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Maximizing Hardware Utilization with AlwaysOn Readable Secondary Replicas

Hi this is Roger Doherty, and this is part one of a four part demo exploring all the great new capabilities in SQL Server 2012. In this first demo we are going to look into a great new high availability and disaster recovery solution in SQL Server 2012 called AlwaysOn. So let’s jump in there and check it out.

So what I’ve got here is a very basic web application that we use in an on-premise data center to manage a product catalog. And it’s just a simple ASP.NET application that lets us do Create, Read Update and Delete type operations against a SQL Server back end. So you can see here I can just go and bang in new products, and I get a little visualization of the product like our Kinect Chair. I can edit them, I can delete them, very very simple database application here with ASP.NET talking to a SQL Server backend.

The other interesting thing about this app is that it’s got some integrated reporting from Reporting Services. So if I click on this link, I actually go out to a Reporting Services instance and I render this nice product catalog report which I can print out and check my stocking levels. And what you will notice here right now is that this report is running on something that we are calling the Primary Replica. It’s a mystery right now as to what that is so let’s dive into the underlying infrastructure that this database is actually running on and explain that in a little bit more detail.

So in SQL Server 2012 we have a new high availability and disaster recovery solution called AlwaysOn, and you can see it exposed here in Management Studio. And what we’ve done in advance is we’ve set up what we call an Availability Group. An Availability Group is a collection of replicas of the databases that are important to your application so that you can manage them as a unit and maintain high availability. So if I pop open the dashboard here we can see how our Availability Group is set up and how many nodes it uses. You can see here that we’ve got three nodes in our Availability Group, a primary, which is the current instance that that report was being served out of, and we’ve got a couple of secondary’s, one which is in a synchronized state that is available for automatic failover in case we have some kind of a problem with our database environment, and the second one which is available for manual failover. So the other interesting thing you can see here is that basically this Availability Group includes both of the databases that my application cares about. In this case our Product Catalog management system needs both the Products database and the Product Staging database. So I can set up an Availability Group that contains all of the databases that my application cares about and manage them as a unit which is very cool. You can see that right now the primary, which is where all the read and write activity is getting routed to, is this G7-03 server here. That was the same server, if you remember, that was showing up here in my report, so that’s where all my queries are getting routed.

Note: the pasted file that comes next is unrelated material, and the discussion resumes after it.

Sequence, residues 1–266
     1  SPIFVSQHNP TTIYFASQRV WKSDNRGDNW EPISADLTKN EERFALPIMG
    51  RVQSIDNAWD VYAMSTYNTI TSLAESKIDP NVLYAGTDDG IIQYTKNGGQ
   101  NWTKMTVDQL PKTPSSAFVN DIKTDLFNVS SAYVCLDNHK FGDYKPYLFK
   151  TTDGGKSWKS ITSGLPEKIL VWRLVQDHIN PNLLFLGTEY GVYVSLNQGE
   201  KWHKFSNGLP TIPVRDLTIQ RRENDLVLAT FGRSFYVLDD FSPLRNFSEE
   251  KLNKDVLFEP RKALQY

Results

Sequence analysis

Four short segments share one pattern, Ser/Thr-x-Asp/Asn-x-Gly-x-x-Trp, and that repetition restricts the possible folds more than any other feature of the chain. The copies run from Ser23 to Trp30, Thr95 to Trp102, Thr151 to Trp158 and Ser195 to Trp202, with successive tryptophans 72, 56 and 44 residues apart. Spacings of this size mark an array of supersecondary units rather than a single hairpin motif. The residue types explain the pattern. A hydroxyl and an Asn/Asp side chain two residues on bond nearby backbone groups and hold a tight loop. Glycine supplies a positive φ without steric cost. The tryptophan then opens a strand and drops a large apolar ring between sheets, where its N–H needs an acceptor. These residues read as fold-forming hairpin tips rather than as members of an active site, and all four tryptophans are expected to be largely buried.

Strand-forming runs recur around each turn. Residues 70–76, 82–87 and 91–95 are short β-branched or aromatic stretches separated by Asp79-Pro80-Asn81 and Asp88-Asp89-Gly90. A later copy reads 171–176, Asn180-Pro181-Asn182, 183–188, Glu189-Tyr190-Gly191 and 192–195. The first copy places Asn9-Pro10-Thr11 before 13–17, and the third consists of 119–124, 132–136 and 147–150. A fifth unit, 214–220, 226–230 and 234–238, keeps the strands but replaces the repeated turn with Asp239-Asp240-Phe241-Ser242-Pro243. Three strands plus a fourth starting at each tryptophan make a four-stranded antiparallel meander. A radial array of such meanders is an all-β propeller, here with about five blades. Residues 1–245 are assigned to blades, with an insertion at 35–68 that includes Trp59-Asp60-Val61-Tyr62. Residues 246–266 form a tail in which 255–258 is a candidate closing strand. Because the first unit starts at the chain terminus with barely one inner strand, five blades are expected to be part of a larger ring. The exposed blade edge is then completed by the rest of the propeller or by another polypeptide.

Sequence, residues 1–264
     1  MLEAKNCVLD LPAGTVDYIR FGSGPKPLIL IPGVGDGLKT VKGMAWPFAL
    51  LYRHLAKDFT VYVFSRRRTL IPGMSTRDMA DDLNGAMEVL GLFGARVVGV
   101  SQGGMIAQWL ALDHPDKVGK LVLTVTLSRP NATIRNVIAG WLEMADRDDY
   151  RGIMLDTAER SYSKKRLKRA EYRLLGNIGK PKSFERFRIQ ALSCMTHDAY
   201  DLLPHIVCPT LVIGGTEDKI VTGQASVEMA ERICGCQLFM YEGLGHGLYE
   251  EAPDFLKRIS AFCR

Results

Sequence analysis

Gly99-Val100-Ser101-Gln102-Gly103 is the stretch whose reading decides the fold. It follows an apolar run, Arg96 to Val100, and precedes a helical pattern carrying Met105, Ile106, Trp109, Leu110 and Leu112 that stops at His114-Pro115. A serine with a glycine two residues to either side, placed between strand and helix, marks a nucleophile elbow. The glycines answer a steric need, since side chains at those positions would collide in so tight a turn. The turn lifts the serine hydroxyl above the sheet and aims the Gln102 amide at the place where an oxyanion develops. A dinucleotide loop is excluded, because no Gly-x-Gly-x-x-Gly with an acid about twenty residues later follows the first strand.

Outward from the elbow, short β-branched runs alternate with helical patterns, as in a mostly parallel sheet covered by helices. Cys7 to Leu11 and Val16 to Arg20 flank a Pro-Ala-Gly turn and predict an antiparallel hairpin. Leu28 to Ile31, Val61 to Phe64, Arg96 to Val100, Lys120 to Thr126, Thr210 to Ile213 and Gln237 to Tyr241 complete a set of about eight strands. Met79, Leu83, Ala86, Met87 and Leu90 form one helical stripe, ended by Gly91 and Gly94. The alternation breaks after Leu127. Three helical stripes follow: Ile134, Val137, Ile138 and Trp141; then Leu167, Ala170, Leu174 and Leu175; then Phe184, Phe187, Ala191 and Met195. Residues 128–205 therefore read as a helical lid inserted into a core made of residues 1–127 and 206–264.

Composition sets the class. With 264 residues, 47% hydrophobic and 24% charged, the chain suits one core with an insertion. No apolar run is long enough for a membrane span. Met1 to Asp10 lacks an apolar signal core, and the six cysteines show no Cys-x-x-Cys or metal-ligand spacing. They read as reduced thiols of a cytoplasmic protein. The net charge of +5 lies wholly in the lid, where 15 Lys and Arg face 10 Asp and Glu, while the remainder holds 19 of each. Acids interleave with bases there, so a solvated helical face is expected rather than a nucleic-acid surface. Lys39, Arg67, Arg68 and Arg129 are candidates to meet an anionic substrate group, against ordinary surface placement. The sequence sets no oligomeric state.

A lot of people want the ability to not just use AlwaysOn for high availability, but they want to take advantage of some of the processing capacity that are available on these other secondary’s. So what we give you the ability to do is to route your read only workloads to what we call a Readable Secondary. And we do that in a very easy and transparent way. So let’s show you how that is actually done.

If I bail out of my web application here and pop into Visual Studio which is where our development environment is, you will see that I’ve got a solution here that includes my reports and my web application. So I’m going to actually go in here and pop open the data source for these reports and go and inspect that. So if I click on Edit you can see here’s the connection string that’s used to connect up to our AlwaysOn Availability Group listener. And if I click on my advanced properties here you will notice that we have this new property here called Application Intent. Using this I can basically right in my connection string say whether or not my application needs to do both reads and writes against my database, or whether it just needs to do reads only. In this case it’s only a report so this is a read only workload, right? So all I really have to do is just flip that, save out my connection string for my shared data source, and redeploy my project. Once those reports and data sources get redeployed, I can then go in and test to see whether or not my read only workload is getting re-routed. So let’s go ahead and fire up our web application again and test it out and see if we are going to use that readable secondary.

So here’s our trusty web application again, let’s go back into our safety stocking level report and see if it get’s routed to our read-only secondary. And indeed it did, our report is now getting serviced out of there. So what we’ve shown you is how you can use AlwaysOn not only to set up a great high availability and disaster recovery scenario, but also how to reduce your total cost of ownership by leveraging some of the processing capacity on those readable secondary replicas so that they are being used for more than just waiting for a failover event.

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